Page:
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I've heard MS SQL Server takes up as much RAM as it can to cache results. Well, it's not leaving enough bargaining room for our little server's RAM.

How do I change the settings to limit the amount of RAM it can use?

MS SQL Server running on Windows Server 2008.

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@DavidSchwartz: I think you'll find that a lot of MS SQL DBAs will limit the amount of RAM that the DBE can use. It often has a performance impact on anything else running on the system. – wfaulk May 9 '12 at 22:46
@wfault: "By default, SQL Server can change its memory requirements dynamically based on available system resources." Many people like to mess with things just for the sake of messing with them, but what they're actually doing is inhibiting the server's ability to tune itself to changing load. If it ain't broke, you can't fix it. This is most commonly done by people who like to see lots of free memory to make themselves feel good, but actually, any memory that's free is also unused -- that is, wasted. – David Schwartz May 9 '12 at 22:49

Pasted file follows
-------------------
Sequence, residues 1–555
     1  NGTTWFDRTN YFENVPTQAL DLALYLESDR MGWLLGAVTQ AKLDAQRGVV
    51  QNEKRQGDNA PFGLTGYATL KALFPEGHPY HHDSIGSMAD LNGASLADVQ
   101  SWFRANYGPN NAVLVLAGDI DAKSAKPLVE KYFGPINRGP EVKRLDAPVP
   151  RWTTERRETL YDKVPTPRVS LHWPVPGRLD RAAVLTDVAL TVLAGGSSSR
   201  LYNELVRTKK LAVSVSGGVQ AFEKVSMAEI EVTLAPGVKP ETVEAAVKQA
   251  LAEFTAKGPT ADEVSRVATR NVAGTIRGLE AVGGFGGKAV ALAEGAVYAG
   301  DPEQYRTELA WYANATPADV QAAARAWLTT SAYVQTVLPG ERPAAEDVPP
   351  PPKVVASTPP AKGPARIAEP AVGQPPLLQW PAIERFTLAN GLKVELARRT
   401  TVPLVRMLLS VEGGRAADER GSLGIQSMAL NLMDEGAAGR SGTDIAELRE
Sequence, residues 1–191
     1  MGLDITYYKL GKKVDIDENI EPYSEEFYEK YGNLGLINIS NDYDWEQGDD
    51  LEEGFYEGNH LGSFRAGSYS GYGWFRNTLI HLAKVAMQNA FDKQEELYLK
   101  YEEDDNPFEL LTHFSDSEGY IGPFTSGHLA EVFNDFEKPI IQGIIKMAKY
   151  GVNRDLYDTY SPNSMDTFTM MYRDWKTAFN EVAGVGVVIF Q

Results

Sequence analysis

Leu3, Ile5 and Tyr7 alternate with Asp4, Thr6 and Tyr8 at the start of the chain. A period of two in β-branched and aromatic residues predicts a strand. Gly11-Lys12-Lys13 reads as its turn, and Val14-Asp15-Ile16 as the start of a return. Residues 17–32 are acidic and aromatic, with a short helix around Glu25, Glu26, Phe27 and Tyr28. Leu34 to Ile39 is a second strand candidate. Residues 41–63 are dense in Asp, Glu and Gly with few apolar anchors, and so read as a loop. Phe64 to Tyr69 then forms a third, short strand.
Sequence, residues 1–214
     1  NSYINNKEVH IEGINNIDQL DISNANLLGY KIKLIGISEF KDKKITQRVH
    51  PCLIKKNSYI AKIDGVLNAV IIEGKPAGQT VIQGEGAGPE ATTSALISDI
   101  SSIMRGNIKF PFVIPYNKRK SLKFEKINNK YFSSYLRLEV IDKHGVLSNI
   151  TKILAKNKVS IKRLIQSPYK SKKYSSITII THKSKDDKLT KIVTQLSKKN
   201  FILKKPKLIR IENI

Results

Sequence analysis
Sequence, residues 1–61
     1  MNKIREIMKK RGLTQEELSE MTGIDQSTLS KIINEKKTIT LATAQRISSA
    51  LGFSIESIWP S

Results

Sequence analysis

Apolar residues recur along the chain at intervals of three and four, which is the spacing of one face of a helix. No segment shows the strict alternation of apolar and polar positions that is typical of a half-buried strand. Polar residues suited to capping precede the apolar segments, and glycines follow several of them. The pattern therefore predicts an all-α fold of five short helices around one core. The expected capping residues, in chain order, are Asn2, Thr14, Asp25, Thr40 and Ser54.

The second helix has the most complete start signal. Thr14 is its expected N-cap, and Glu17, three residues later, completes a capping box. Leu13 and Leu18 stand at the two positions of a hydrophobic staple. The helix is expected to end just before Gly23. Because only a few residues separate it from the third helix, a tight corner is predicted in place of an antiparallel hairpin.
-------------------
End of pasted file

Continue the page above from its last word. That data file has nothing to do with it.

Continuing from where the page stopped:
@DavidSchwartz: I understand where you're coming from, and in any other situation I would agree with you, but MS SQL doesn't seem to actually optimize this very well, IME. – wfaulk May 10 '12 at 0:21
It actually was broke, as it would grind the server to a halt... – FlavorScape Mar 26 '13 at 17:07
I agree with this dude:… – Daniel Dolz Jul 31 '13 at 18:36
up vote 15 down vote accepted

From How to configure memory options using SQL Server Management Studio:

Use the two server memory options, min server memory and max server memory, to reconfigure the amount of memory (in megabytes) managed by the SQL Server Memory Manager for an instance of SQL Server.

  1. In Object Explorer, right-click a server and select Properties.
  2. Click the Memory node.
  3. Under Server Memory Options, enter the amount that you want for Minimum server memory and Maximum server memory.

You can also do it in T-SQL using the following commands (example):

exec sp_configure 'max server memory', 1024
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